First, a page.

[From iSource Business, June/July 2002] For many executives, the words of Steve Morin, chief information officer for TAC Worldwide Companies, would seem to paint the portrait of a fearless rebel: I can't imagine why any company wouldn't want to streamline its accounts payable (AP) processes and other payment processes, says Morin. It's so intuitively obvious.
Intuitive? Maybe. But technologically feasible? And safe? Those are different questions altogether.
Morin, who oversees information and technology improvements at the $1 billion staffing and workforce solutions company, is not unaware of e-payment's long track record of painful implementation and grim adoption rates by suppliers, as his statement may suggest. Rather, Morin's optimism and confidence is based on an e-payments system that is relatively new ... and very different.
Internet to the Rescue
Today, everything related to e-payment must fight an initial uphill battle against the force of its stereotype. For many executives, the phrase electronic payments can spark as much riotous anxiety as shouting fire! in a crowded room. Security fears over payment and transmission have made companies reluctant, at best, to consider implementing solutions.
e-Payment's bad rap is not only due to security issues, but to supplier-recruitment issues, as well. Fears of supplier adoption problems can be traced back to the relatively older model of e-payment via financial electronic data interchange (EDI), which, when it entered the market in the early 1980s, appeared before large enterprises like the best thing since sliced bread. Yet, financial EDI's major obstacle was soon discovered when newly EDI-enabled enterprises were left to convince their suppliers to shell out their own cash to EDI-enable themselves. Not surprisingly, after years of testing and trying, financial EDI never achieved more than a 2 percent adoption rate.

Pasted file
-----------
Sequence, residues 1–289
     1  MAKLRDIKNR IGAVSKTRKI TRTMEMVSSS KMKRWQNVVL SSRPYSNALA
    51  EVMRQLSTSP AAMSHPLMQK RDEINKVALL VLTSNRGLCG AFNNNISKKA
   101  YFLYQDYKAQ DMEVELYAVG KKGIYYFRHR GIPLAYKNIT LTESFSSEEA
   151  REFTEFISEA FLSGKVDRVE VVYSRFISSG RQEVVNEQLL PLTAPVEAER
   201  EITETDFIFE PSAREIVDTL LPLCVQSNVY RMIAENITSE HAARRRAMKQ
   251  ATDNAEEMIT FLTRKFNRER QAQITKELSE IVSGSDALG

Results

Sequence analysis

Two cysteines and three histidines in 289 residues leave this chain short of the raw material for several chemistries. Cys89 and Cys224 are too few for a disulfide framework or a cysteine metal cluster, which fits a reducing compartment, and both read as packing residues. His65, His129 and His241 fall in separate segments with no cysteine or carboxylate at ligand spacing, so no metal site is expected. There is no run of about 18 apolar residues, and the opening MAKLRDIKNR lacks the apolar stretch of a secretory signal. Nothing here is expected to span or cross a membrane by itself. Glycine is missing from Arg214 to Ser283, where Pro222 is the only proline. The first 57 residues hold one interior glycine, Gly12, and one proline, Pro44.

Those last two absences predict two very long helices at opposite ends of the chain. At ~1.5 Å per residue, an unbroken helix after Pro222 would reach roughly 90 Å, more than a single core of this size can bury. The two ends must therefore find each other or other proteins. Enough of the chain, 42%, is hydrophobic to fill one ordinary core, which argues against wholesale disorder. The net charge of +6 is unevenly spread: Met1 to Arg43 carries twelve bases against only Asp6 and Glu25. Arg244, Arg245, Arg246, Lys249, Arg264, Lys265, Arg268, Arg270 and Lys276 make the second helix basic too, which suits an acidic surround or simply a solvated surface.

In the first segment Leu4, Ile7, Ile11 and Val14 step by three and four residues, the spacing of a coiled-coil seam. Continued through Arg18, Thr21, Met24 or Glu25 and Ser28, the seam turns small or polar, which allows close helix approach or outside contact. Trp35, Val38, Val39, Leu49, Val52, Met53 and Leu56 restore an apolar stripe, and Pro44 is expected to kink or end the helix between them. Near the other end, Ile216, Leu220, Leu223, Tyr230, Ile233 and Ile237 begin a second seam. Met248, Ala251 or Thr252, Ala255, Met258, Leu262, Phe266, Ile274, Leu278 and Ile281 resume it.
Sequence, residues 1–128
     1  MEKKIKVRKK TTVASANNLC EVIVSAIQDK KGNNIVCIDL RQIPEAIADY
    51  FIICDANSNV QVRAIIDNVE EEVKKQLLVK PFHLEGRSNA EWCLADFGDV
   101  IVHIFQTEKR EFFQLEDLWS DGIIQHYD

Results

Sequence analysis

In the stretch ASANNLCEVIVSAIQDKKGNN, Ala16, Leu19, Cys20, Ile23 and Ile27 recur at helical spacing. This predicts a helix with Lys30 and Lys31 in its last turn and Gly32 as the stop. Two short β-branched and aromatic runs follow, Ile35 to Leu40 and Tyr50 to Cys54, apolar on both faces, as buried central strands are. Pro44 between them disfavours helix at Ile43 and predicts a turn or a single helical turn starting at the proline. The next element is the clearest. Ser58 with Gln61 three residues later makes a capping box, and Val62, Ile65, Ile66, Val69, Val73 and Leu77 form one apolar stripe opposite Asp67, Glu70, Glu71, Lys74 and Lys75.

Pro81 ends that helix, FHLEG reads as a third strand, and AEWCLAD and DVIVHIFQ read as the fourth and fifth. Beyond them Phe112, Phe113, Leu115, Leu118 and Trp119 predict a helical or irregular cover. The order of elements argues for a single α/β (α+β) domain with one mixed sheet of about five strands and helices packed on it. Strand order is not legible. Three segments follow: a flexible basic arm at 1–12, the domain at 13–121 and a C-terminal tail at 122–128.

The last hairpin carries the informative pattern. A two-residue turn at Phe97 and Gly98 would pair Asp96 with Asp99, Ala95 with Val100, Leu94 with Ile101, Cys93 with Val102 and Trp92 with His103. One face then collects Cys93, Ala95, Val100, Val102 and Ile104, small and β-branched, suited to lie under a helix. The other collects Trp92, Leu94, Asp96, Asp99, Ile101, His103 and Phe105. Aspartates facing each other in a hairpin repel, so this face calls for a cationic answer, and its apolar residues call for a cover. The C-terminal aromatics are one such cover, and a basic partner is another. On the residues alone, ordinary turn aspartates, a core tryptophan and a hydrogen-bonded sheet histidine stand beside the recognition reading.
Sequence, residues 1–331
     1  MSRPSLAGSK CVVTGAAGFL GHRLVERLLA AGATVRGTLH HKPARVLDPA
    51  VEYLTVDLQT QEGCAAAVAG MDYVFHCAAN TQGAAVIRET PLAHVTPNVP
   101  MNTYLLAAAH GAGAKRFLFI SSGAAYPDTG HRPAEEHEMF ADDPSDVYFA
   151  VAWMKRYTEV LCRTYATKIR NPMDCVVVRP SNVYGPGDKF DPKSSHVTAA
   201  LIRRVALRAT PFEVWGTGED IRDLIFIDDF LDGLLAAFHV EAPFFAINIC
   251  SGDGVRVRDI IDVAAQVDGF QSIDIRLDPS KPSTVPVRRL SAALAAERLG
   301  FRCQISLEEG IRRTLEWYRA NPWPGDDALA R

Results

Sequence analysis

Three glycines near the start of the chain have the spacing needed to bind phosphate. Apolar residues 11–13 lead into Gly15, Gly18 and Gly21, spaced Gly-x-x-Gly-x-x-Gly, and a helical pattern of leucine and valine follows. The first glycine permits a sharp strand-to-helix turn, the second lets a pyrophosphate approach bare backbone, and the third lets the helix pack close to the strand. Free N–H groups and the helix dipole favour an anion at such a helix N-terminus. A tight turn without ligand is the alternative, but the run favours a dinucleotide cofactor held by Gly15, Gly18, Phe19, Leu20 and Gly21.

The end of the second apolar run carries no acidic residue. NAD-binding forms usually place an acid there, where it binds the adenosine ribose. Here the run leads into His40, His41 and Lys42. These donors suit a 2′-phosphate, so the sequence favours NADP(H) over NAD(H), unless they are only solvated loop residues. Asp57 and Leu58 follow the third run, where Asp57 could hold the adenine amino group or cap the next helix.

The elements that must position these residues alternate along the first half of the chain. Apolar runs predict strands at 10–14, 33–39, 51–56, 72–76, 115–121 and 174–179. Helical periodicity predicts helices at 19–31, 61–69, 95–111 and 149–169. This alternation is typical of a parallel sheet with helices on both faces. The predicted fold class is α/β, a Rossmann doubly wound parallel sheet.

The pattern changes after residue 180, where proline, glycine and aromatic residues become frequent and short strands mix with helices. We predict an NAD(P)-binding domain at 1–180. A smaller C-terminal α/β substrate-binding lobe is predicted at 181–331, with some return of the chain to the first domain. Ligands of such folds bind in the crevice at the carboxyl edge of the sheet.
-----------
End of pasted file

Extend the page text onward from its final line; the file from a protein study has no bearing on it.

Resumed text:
But when the Internet began to gain ubiquity in the business world (which really wasn't until 1998), the world for e-payments seemed to open up. Because almost every business had Internet access, the potential for transmitting payment information through the Web as well as convincing suppliers to use that method greatly increased.